Princeton sophomore Lauren Lazo scored a hat trick to give the Tigers a 3-0 lead over Penn Saturday. The Quakers’ second-half comeback fell short as Princeton won, 4-2.

Credit: Ceaphas Stubbs , Ceaphas Stubbs, Ceaphas Stubbs / The Daily Pennsylvanian

PRINCETON, N.J. — Two years ago, Princeton looked on as the Penn women’s soccer team celebrated an Ivy League championship on the Tigers’ home turf. The Quakers had denied Princeton the conference title after playing to a 0-0 draw.

But history was not meant to repeat itself as the Red and Blue fell Saturday evening to the Tigers, 4-2, at Roberts Stadium. With the victory, the Tigers captured the league crown outright as well as an automatic berth to the NCAA tournament.

Princeton (13-3-1, 7-0 Ivy) opened up a three-goal lead behind a hat trick from sophomore Lauren Lazo. Though it appeared her scores would go unanswered, Penn (9-6-1, 5-2) responded in the second half, as sophomore forward Clara Midgley netted her first two goals of the season in a nine-minute span to make the tally 3-2.

“They’ve got a never-say-die attitude,” coach Darren Ambrose said. “They’ve found ways to win games, and this one — they didn’t win it, but they found a way to get back into it.”

The Tigers finally put to rest the Quakers’ comeback chances in the 84th minute when Caitlin Blosser converted a loose ball for her fifth goal of the year.

Princeton’s squad featured an experienced group of eight seniors and six juniors — none more important than senior Jen Hoy, who has netted 17 goals in as many games and will almost certainly receive the Ivy League Player of the Year award.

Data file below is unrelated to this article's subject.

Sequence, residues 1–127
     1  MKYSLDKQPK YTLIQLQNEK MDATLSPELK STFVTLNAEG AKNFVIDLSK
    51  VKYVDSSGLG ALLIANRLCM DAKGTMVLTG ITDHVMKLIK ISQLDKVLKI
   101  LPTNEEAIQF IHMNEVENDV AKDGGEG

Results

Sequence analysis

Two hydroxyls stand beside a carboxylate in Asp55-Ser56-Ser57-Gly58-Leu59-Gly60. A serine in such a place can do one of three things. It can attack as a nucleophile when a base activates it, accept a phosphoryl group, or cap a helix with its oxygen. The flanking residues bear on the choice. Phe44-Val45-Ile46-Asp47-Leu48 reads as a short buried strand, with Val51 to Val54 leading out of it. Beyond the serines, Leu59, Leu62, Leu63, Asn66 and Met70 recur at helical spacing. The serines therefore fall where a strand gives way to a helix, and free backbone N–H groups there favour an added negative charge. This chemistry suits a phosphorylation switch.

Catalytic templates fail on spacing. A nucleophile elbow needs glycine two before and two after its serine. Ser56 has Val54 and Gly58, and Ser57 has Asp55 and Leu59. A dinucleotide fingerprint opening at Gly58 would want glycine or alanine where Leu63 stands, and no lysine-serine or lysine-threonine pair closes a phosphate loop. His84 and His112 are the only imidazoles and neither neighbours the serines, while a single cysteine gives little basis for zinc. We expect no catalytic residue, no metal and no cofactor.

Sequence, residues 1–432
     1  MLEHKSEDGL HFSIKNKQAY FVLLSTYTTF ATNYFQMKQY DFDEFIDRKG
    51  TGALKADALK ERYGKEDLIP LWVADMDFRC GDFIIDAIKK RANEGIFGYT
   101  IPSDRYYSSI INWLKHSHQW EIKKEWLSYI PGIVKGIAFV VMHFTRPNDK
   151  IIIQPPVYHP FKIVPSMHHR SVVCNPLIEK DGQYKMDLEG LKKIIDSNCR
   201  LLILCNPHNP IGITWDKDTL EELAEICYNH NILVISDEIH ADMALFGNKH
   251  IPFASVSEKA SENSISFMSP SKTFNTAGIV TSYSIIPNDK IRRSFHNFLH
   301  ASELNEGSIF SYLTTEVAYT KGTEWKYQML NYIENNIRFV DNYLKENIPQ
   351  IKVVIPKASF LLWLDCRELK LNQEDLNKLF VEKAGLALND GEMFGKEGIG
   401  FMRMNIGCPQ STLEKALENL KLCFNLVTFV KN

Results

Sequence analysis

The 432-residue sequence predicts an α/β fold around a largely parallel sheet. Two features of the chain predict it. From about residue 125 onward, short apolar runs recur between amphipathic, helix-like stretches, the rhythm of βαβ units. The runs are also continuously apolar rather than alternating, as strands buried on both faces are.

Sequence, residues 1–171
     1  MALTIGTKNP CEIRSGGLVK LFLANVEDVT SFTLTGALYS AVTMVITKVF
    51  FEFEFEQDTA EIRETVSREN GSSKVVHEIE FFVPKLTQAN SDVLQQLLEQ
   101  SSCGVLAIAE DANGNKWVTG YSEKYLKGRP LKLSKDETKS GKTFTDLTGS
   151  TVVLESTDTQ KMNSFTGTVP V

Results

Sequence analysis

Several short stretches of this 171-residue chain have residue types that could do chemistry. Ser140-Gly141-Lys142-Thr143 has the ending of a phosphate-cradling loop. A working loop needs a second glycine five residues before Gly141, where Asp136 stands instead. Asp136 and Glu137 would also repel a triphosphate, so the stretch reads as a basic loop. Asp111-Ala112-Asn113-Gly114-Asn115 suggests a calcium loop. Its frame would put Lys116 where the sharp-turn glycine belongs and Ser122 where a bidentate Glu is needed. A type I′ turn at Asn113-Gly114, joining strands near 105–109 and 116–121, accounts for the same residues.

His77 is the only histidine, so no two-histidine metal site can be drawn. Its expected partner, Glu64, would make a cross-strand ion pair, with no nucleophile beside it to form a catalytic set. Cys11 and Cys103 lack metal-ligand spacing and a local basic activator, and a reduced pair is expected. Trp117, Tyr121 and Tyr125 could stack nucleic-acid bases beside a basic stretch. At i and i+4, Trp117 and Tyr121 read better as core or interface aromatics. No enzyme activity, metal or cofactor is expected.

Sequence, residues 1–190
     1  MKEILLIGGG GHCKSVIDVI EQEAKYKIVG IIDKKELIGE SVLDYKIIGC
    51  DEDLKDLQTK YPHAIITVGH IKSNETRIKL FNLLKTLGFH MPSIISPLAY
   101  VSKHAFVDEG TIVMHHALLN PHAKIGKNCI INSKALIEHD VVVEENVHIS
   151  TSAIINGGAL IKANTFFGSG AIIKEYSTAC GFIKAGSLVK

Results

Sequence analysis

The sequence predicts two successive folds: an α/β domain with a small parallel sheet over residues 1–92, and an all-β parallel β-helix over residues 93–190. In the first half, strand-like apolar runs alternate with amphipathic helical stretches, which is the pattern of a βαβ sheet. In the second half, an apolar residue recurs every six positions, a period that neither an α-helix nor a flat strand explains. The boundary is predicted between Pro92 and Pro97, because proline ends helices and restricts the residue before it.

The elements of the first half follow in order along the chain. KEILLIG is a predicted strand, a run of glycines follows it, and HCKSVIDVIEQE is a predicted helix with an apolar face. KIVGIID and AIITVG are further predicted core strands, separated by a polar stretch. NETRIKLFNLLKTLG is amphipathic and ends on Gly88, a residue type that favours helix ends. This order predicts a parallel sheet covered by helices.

“She’s tough to mark with one player. We had to commit two and three players to marking her, and even then, it’s a gamble,” Ambrose said. “She’s so good, and when she draws other players, she’s matured to the point where she can find someone else.”

Hoy threatened to use her speed to break away from the pack several times, and twice she drew attention from the Quakers’ defense just before dishing to Lazo for scores.

Hoy and Lazo represent the most potent offensive tandem in the conference this season, recording 27 goals combined. By comparison, the entire Penn team scored just 22 goals on the season.

A win would have guaranteed the Quakers a share of the conference championship, along with Princeton and Dartmouth. The Big Green required a Penn victory to capture a share of the title.

Although the Quakers fell to the Tigers, the match marked the third consecutive season Penn has faced Princeton in a game with Ivy League title implications.

“I told them not to be ashamed of playing in our fourth championship game in six years,” Ambrose said. “We will be back again … and I have no problem watching Princeton get the trophy. We did it here two years ago.”

After tallying four goals in her freshman campaign, Midgley had gone the entire 2012 season without a score, despite strong contributions to the Quakers’ offense. But Saturday night, she erupted for two scores when Penn needed them most.

Midgley’s goals came on crosses from Caroline Dwyer and Claire Walker that she headed into the net. After her first goal, Midgley remained a constant threat throughout the contest, and the Princeton defense strained to contain her presence in the middle.

“Obviously, I’m happy to score, but the entire team worked really hard,” Midgley said. “They were great services, and I was able to get my head on them.”

The match represented the last career game for Penn seniors Erin Beck, Alex Dayneka, Erin Thayer and Sarah Banks. The group will graduate having won more league matches than any class in program history.

The Quakers will certainly miss their senior class next year, but they will also return a strong contingent of players that can be expected to compete for an Ivy League title once again next season.

“Our junior class has played in three championship games, so next year I expect to be in another one,” Ambrose said.


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